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Marriage can be Hard. Feelings of Isolation and Lost Connections can Oftentimes Be Solved with Couples Therapy

Couples Therapy Can Bring Happiness Back to Marriage

Dealing With the Couple, Not the Individual

When we think of therapy, we usually think of problems embedded within an individual that have to be uncovered and worked through. This is certainly very often the case. The psycho-behavioral problems come from early learned habits, lack of important developmental experiences, unmet needs for which people still yearn. However, the location of behavioral problems and issues can be, and often is, in the pair, the couple, the unit, not the individual. The solution often involves couples therapy.

Potential Issues with Marriage

Many psychological issues grow out of the messaging between people who are bound together in marriage. In extreme situations, people stay away from one another in states of misinformation or sensory deprivation. Often the mental illness diagnosis falls on one member of the couple or family, but it is in the relationship that binds the diagnosed member to intimate others that the real psychological issue really resides.

To provide counselling to help this kind of shared disorder, the therapist must dissect the way each member encounters the joint relationship then try to diagnose where it has gone wrong.

Couples Have Defense Mechanisms

Couples and families have their own kind of defense mechanisms that hide the truth. These must be revealed and opened up so that the real operation of the relationship can be untangled. Couples make up myths about the way they relate to each other. The myths may be very far from reality and the unreality of the myths may be a source of unhappiness and poor adaptation of behavior that brings the client to the therapist. Couples may require unrealistic things of each other. Members of a couple may be in a constant state of disguise, hiding their activities and their attitudes from each other. Members of a couple may be living happily in a state of paired collusion against others, like a conspiracy that they feel brings them closer together.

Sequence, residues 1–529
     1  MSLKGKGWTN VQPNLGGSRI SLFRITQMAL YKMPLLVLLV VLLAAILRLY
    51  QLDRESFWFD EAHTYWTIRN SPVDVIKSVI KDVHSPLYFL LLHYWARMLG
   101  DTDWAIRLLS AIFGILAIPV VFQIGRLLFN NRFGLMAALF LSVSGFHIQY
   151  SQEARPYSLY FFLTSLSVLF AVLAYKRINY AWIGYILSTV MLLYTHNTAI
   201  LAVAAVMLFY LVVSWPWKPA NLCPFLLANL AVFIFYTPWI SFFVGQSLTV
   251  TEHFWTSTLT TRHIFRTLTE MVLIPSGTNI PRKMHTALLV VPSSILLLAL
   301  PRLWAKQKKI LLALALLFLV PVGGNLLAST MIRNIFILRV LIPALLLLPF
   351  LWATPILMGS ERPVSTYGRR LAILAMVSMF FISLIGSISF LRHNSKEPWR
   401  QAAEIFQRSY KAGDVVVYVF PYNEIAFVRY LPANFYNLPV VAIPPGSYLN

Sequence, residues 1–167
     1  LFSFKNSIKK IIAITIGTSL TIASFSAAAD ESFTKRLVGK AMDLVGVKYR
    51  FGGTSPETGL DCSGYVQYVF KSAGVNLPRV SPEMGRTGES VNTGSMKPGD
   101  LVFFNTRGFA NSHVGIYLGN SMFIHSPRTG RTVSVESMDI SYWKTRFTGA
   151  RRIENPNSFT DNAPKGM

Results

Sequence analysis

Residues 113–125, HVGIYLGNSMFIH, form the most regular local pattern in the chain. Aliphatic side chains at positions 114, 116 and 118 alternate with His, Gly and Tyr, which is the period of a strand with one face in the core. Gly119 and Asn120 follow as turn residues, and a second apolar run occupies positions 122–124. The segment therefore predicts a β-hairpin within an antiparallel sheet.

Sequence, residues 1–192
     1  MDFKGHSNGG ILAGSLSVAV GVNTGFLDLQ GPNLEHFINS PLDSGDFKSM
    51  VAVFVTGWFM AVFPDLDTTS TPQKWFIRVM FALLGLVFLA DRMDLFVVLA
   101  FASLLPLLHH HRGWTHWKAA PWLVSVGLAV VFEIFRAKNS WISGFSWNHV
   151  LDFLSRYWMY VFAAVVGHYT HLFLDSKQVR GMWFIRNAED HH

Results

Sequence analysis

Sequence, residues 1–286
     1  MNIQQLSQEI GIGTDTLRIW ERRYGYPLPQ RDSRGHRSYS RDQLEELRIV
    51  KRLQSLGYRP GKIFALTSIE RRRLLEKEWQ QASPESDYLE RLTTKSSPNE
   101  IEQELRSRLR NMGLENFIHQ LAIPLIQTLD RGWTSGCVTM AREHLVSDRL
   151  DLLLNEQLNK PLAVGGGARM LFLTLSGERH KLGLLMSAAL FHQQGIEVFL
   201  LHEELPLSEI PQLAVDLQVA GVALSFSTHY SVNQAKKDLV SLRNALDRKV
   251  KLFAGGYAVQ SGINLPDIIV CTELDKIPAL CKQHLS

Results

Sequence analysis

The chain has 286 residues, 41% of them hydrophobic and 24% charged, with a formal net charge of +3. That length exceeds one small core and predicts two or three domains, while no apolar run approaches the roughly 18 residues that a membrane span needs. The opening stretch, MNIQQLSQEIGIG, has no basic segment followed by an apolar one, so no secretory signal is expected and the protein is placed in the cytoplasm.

More About Couples Therapy

Couples therapy is a subset of relationship counselling which includes things like marital counselling and family therapy or even conjoint or multiple family therapy where 3 or more families work together in groups.

One couples therapist relates the following case as an example of how the origin of the problem is not located in either member of the couple:

Anna, the wife always talks about why she hates the relationship she has with her husband James. James complains that Anna is too controlling. James says since the couple had their baby, Anna "nags and bitches at me all the time about not pulling my weight. She's evil." The couple went into counselling after an incident where Anna screamed and spat at James and he lost his temper and pushed her."

Couples Therapy Leads to Happiness

The couple went into couples therapy to avoid the costly emotional and financial toll of marital breakup and divorce. There was enough mutual feeling between them to make them seek a resolution. The evidence suggests that people unhappy in a relationship, were no happier after a divorce. Linda White of the University of Chicago found in a 2002 that people unhappy in a relationship who did not divorce were, on average, happier after five years than people who did divorce.

The behavior that caused this couple's unhappiness was traced back to the extra pressure of the new baby coupled with the fact that James' father died four months earlier. His father's death made James angry and disengaged, just at the time when Anna needed James' extra support. The counselling lasted three sessions.